This case study "Roche's Acquisition of Genentech" focuses on the challenge faced by the CEO of the Roche Group. He is thinking of going with a hostile tender offer for the publicly-owned shares of Genentech, Roche's biotechnology subsidiary. This case study allows students to look into strategies of Roche in relation to Genentech and the complexity of a hostile tender offer.
Carliss Y. Baldwin; Bo Becker; Vincent Dessain
Harvard Business Review (210040-PDF-ENG)
February 26, 2010
Case questions answered:
- What are the business and financing risks associated with Roche’s acquisition of Genentech? Is this a good time to do the deal?
- Do you believe the bond issuance will have an impact on Roche’s bond rating?
- What are the prevailing spreads for non-Roche bonds? Do you think these spreads are similar to investors required to yield for the Roche bonds?
- What is your specific recommendation for the coupon rate for the Roche 5-year, 10-year, and 30-year U.S. dollar bonds?
- What would your coupon rate recommendation be for the 7-year bond in euro?
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Roche's Acquisition of Genentech Case Answers
This case solution includes an Excel file with calculations.
1. What are the business and financing risks associated with Roche’s acquisition of Genentech? Is this a good time to do the deal?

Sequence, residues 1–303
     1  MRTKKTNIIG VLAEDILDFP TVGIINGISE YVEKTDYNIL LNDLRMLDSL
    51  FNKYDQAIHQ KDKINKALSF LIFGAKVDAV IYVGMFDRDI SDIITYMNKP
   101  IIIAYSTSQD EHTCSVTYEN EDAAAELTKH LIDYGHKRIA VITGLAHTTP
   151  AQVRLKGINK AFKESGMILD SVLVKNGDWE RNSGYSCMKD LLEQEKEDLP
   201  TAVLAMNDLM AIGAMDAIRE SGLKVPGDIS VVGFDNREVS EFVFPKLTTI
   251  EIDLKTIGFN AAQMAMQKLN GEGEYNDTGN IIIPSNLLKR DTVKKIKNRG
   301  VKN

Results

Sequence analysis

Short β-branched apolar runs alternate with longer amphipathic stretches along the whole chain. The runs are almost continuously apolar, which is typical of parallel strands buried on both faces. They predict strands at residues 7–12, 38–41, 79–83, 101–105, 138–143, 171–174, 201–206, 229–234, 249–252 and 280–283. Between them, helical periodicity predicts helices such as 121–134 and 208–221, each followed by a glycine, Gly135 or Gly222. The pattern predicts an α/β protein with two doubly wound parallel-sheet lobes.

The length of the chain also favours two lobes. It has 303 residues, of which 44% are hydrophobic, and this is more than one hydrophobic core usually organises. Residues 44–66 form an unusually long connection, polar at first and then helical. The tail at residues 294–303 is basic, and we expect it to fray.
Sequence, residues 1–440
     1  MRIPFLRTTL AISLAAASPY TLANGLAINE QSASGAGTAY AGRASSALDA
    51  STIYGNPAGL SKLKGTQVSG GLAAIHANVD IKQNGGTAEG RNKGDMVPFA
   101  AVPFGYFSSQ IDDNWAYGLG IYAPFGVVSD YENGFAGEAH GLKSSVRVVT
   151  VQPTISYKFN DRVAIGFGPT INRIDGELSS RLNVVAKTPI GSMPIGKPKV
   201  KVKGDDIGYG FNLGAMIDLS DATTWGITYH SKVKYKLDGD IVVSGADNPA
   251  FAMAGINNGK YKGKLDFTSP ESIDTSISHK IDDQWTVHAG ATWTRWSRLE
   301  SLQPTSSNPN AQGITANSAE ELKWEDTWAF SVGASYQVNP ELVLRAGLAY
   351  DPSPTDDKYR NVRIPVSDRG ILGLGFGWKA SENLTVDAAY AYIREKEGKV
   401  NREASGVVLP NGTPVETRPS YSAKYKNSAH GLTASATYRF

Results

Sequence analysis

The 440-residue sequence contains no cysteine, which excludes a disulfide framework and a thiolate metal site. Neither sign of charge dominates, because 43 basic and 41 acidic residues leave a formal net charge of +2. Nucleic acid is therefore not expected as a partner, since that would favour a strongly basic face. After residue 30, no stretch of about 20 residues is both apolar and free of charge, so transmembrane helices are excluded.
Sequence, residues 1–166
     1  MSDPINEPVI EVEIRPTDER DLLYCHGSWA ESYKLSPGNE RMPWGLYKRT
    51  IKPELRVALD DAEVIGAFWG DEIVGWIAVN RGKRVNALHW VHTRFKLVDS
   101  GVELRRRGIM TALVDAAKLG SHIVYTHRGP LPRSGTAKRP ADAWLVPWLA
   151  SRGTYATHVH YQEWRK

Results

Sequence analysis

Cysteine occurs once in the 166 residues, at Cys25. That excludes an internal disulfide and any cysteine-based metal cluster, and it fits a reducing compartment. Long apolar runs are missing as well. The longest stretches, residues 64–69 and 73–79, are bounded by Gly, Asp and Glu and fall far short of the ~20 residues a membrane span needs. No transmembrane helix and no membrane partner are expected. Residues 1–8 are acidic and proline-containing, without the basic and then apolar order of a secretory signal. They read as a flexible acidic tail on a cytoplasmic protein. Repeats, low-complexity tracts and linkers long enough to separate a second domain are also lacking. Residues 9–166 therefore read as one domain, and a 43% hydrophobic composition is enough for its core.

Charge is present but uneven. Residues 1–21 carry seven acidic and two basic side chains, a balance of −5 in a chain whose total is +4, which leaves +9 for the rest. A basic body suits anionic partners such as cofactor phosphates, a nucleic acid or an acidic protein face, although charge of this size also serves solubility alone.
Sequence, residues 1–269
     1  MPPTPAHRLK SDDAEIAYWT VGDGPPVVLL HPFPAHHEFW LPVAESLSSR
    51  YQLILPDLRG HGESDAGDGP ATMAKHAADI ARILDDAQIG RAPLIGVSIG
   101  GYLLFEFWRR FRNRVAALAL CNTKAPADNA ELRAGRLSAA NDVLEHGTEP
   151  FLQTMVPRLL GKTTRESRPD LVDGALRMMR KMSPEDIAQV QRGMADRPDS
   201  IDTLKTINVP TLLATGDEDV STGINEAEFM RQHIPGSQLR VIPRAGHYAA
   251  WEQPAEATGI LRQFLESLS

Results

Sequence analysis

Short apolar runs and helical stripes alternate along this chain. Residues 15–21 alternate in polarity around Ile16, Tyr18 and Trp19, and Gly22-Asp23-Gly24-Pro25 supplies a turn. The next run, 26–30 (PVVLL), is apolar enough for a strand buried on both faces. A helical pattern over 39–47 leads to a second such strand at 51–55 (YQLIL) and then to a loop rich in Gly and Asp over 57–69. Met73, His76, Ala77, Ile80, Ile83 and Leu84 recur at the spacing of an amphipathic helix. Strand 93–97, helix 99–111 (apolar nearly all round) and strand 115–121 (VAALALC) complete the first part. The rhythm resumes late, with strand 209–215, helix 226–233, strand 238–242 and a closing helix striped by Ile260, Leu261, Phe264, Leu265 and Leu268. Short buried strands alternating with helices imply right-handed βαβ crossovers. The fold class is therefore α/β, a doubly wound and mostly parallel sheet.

There are several business and financing risks associated with Roche’s acquisition of Genentech.
With intense declines in equity and credit markets by over 45%, getting loans or credits from banks got really difficult. A lot of commercial banks have gone bankrupt, and since the global market entered into one of the worst global depressions ever, getting finance was really hard.
In a way to improve the economy, multiple governments lowered their interest rate and invested in financial and industrial institutions in an effort to stimulate liquidity, making the market invest in long-term securities rising the price of long-term bonds. The company may face a downgrade credit rating as they continue to increase their debt, leading to higher interest payments and this could affect the deal. A business risk could be Genentech’s willingness to sell shares for the reduced offer.
2. Do you believe the bond issuance will have an impact on Roche’s bond rating? Exhibit 12
Yes, since Roche’s bond rating is determined by its financial strength, emitting new debt will raise the interest and debt expense making the rating go down from the actual AA to A. In Exhibit 12 at the acquisition of Genentech, we can observe the increase in the total debt, the interest expense reducing the liquidity in the company and its leverage to debt.
It will have a not greater effect on the bonds, but after the merge of the companies, it will recover and get better at pricing bonds and stocks.
3. What are the prevailing spreads for non-Roche bonds? Do you think these spreads are similar to investors required to yield for the Roche bonds? Exhibit 11
The prevailing spreads for non-Roche bonds…
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